Protonmail's been rebranded as Proton, and their non-mail services promoted. This comes with an updated site, flashy graphics and smart font choices. Their web client is styled with Tailwind and written in TypeScript. It's very nice, and it works well—but I'm not going to use it.

The main reason is that I'm very happy hosting my email with Migadu: the service they provide is simple, powerful, & no-nonsense.

But beyond that, Proton's always seemed a little pushy with the marketing. They claim to provide end-to-end encryption but fail to mention that this only works between Proton accounts (there's no practical way to automatically provide e2e encryption w/, say, Gmail, outside of tools like GPG). Email is built on the transmission of plaintext, so promises about encrypted email tend to ring a little hollow. Proton also don't use open standards like IMAP under the hood—so not only is your email not portable, but you can't bring your own client without using their Proton Bridge application.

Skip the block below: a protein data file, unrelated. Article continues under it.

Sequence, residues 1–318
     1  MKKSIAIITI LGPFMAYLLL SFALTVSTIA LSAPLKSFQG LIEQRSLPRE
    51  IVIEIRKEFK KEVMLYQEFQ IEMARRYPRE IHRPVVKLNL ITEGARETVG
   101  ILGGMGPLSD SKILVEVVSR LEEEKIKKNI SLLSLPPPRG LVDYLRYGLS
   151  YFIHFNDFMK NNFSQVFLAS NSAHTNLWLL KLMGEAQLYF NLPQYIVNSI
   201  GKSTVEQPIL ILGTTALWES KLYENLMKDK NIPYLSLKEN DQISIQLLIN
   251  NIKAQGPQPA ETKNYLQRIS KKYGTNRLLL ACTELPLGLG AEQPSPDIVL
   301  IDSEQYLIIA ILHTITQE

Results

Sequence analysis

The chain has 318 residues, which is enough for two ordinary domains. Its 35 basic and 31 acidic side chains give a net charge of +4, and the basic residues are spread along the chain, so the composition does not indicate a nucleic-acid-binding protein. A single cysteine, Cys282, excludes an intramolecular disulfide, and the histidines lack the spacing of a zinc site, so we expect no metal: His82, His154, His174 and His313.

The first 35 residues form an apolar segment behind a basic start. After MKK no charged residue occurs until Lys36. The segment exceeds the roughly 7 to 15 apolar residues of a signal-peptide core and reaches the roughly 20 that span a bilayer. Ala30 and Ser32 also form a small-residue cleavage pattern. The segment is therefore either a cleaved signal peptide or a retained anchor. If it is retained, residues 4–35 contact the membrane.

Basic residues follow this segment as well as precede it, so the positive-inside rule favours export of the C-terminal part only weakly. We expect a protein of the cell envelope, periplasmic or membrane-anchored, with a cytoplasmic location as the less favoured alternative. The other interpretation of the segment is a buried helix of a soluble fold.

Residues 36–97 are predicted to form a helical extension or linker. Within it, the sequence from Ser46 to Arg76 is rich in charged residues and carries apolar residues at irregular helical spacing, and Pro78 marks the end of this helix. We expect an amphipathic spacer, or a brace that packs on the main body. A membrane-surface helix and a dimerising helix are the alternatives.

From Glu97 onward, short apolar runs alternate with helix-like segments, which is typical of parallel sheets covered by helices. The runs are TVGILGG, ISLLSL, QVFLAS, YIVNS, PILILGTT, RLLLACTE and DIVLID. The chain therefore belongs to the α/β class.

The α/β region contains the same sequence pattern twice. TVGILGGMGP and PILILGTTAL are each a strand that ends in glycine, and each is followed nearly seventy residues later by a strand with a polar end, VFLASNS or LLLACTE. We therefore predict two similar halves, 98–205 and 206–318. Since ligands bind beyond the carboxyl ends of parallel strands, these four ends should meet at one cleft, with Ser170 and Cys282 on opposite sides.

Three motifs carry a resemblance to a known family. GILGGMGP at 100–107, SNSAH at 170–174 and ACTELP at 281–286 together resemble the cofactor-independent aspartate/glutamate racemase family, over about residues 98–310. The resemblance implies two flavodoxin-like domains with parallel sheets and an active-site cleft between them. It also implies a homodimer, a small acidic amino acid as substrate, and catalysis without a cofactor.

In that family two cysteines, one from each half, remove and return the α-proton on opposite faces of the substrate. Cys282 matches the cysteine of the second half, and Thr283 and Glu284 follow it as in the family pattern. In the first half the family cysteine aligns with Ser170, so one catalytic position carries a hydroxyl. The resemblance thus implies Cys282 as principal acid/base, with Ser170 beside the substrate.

Don't get me wrong: if you've been using some megacorp email (Gmail, Outlook, Yahoo) since forever and are looking for a service that won't turn your private data into microtargeted advertisements, Proton is a great option. But buying your own domain and managing email yourself is vastly better.

Web Privacy


Conference cost

I want to go to UX London, but I can't justify the cost of it.


Shared Element Transitions

The Shared Element Transitions API, presented by Jake Archibald at Google I/O last week, is the first new browser API that's got me all excited for a little while.